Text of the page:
Coping with Stress for Career Advancement

How can reducing your stress at work demonstrate your readiness for career advancement?

By David Cox | November 06, 2018


You may feel as though you work under “siege” with looming deadlines, people counting on you, and a mixed bag of co-workers and employees who are helpful while others always seem in need of your help. You never have enough time to accomplish everything, and to top it all off; you still have several family obligations requiring your attention. You’re under a lot of pressure, and if you’re not careful, the quality of your work will suffer for it.

Heidi Grant, Ph.D. is a Senior Scientist at the Neuroleadership Institute, Associate Director of the Motivation Science Center at the Columbia University, and author of the best-selling book: Succeed: How We Can All Reach Our Goals. Here are three suggestions she offers for coping with stress in the workplace.

Have self-compassion

Self-compassion is the willingness to look at your mistakes or failures with kindness and understanding. People who practice self-compassion are happier and more optimistic. They’re also less anxious, and less prone to depression. That’s not very surprising, but here’s the point: they’re even more successful.

When things are at their most difficult, a little self-compassion has been proven to reduce stress and improve performance. Thus, it becomes easier to learn from your mistakes and advance your career.

Remember the “Big Picture”

You can view anything you need or want to do from more than one perspective. For instance, “exercising” can be described in “Big Picture” terms such as “getting healthier,” This answers the question of why we need to exercise. You can also describe it in concrete terms, such as “running two miles.” The description tells us how to exercise.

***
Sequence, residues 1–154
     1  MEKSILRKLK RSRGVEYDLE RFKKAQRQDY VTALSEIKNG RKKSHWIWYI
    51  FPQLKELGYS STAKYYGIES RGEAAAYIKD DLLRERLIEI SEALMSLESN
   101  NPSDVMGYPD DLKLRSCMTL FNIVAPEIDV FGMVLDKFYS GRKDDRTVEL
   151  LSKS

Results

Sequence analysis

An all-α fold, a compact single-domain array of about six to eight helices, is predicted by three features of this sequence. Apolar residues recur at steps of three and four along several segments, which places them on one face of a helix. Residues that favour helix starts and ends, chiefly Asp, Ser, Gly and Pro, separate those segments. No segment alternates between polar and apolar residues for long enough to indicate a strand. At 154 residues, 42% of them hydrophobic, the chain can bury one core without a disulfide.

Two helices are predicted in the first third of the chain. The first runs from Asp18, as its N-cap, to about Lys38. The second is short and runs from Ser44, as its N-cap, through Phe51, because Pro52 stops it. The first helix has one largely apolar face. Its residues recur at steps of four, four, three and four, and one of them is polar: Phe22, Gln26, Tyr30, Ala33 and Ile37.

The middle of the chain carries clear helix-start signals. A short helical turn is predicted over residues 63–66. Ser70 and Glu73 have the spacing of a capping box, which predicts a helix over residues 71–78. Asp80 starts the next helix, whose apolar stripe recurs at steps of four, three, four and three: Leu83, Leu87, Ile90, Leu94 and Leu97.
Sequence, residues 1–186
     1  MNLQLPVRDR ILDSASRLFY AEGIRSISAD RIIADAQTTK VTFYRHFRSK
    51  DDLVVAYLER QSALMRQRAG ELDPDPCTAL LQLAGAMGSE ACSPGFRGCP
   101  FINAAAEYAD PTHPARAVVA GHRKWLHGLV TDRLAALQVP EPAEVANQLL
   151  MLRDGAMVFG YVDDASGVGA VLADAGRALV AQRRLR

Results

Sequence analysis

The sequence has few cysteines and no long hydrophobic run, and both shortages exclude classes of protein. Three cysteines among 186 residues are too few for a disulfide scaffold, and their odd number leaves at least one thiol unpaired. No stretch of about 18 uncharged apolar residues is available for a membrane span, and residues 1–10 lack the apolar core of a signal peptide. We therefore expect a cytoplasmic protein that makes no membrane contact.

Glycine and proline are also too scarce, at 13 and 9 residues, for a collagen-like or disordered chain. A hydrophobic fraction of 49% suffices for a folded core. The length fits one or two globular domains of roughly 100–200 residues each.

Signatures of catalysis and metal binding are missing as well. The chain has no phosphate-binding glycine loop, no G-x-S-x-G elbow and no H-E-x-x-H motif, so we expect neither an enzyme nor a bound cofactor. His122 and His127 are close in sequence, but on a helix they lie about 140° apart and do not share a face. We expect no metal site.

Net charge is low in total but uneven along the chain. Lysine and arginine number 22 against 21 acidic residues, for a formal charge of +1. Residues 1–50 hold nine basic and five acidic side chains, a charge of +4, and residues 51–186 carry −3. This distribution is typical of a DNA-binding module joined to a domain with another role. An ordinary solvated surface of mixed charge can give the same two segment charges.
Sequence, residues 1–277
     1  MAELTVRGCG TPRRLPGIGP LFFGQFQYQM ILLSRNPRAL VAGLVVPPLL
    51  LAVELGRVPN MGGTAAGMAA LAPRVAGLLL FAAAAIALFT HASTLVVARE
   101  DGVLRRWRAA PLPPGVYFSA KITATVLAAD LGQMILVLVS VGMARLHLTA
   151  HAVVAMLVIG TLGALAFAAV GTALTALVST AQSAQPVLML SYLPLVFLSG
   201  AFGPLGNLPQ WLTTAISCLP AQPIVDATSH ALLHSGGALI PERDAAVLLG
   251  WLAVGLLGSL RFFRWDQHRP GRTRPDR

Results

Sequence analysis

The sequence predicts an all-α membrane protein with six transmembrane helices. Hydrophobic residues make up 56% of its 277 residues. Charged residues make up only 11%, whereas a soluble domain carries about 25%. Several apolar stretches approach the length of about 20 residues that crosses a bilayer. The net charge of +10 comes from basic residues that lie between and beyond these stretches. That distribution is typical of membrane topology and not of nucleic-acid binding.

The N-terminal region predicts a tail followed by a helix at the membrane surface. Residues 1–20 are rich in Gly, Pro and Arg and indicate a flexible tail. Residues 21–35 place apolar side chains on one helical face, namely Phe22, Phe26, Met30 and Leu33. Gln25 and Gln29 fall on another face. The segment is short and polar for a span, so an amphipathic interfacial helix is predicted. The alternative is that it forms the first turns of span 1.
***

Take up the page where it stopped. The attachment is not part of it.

Thinking Big Picture about your current role can energize you in the face of stress and challenge, by merely linking even one small action to a higher meaning or purpose.

Develop more routines

If I ask you to name the primary causes of stress at work, you would probably say things like deadlines, a heavy workload or difficulties with managers or co-workers. You probably wouldn’t answer by saying “making too many decisions.”

Most people are unaware that this is a common cause of stress. Every time you make a decision, you create mental tension (whether personal or professional, simple or complex). This mental tension causes stress.

You can use routines to reduce the number of decisions you need to make. If you need to do something on a daily basis, doing it at the same time each day will make it a routine action. Creating routines can dramatically reduce your number of decisions and experiences of stress.


Most individuals become financially and emotionally invested in their careers. It’s almost impossible to be an employee at any level these days without experiencing circumstances and situations that may be continuously stressful. Your career advancement is not merely a product of avoiding stress at work. You demonstrate your readiness by improved performance and how you manage the challenges that come with your present role.

David Cox


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